Originally posted by Edwin
Definitive signifies the best, the most authoritative and true version. It has nothing to do with sales of the record or how famous the performer was. Since you don't like the song "Lush Life," I can see why Marvin Gaye's "Shadow of Your Smile" is definitive. You don't like "Lush Life?" Really? Ed Spiegel
Definitive is about taking a song and transcending it. Taking a song and re-interpreting it, personalizing it and turning it upside-down to make something wonderful. Marvin Gaye does this with "Shadow Of Your Smile". He takes that song and runs with it. It feels so personal, you almost feel like a voyeur listening it.
Billie, because her voice was so distinctive could take any song, and make it instantly definitive.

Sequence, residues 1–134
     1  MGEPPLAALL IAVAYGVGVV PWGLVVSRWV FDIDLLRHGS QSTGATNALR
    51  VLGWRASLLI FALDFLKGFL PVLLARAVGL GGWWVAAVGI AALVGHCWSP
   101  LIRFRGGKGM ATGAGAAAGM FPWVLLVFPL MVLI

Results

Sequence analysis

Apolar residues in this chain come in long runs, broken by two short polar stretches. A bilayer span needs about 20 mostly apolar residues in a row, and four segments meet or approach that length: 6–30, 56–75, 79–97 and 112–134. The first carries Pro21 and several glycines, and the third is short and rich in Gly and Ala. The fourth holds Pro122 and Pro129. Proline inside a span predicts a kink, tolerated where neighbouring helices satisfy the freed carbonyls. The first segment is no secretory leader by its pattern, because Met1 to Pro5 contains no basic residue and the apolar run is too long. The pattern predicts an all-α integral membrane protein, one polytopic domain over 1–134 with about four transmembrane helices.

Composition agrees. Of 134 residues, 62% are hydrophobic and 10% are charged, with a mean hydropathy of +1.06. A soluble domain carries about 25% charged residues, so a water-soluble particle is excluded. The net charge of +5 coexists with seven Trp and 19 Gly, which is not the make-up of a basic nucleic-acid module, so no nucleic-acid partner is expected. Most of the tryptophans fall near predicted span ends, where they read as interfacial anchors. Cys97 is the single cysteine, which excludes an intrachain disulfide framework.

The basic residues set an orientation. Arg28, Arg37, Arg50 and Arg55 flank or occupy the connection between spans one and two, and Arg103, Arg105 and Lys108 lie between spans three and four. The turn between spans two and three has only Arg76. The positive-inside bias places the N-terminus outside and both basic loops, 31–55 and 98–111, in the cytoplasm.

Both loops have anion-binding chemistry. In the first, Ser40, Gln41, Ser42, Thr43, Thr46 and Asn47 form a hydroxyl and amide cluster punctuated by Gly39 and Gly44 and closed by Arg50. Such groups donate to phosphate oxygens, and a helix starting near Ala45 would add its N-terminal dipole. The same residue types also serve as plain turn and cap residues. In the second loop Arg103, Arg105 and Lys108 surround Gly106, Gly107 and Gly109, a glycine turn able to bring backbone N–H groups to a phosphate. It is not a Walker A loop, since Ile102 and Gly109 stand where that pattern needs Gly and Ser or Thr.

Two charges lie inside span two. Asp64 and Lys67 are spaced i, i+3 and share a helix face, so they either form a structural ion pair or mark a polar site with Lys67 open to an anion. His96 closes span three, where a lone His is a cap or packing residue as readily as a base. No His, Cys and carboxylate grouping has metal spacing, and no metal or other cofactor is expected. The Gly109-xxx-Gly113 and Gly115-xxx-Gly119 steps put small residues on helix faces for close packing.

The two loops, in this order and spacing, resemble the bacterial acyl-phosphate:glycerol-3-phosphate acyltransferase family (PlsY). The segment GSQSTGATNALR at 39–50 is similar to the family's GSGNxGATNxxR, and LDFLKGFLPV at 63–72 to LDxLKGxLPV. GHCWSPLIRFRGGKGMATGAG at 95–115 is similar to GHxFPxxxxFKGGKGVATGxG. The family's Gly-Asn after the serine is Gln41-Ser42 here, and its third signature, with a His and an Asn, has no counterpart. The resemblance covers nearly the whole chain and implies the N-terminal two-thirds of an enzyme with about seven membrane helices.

It's about what a singer can bring to the table, either through voice, or twisting the melody, to breakthrough, pioneer new vistas, plumb new depths, reveal new facets (all without changing the essence of the song) .
It's the art of interpretation.
Bobby Darin doesn't bring anything new to the table with "More". His rendition is rather static, and one-note. Therefore, it's not definitive.
Harry Connick's "More" is achingly, heart-renderingly, gripping and compelling. Frank and Basie bring down the house on that one. Even Nat reveals new territory previously unexplored.
But, Darin's "More" doesn't do anything new, or open up new vistas/breakthroughs-----which is a requirement to get the "definitive" label.